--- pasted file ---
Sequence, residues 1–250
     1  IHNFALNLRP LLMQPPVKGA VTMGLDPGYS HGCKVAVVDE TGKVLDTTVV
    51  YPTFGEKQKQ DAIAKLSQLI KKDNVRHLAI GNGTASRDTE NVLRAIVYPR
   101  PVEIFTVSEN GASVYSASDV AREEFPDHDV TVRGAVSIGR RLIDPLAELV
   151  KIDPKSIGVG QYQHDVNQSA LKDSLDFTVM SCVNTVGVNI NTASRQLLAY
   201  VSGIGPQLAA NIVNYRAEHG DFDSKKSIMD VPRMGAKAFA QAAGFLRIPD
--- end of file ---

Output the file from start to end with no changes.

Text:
Sequence, residues 1–250
     1  IHNFALNLRP LLMQPPVKGA VTMGLDPGYS HGCKVAVVDE TGKVLDTTVV
    51  YPTFGEKQKQ DAIAKLSQLI KKDNVRHLAI GNGTASRDTE NVLRAIVYPR
   101  PVEIFTVSEN GASVYSASDV AREEFPDHDV TVRGAVSIGR RLIDPLAELV
   151  KIDPKSIGVG QYQHDVNQSA LKDSLDFTVM SCVNTVGVNI NTASRQLLAY
   201  VSGIGPQLAA NIVNYRAEHG DFDSKKSIMD VPRMGAKAFA QAAGFLRIPD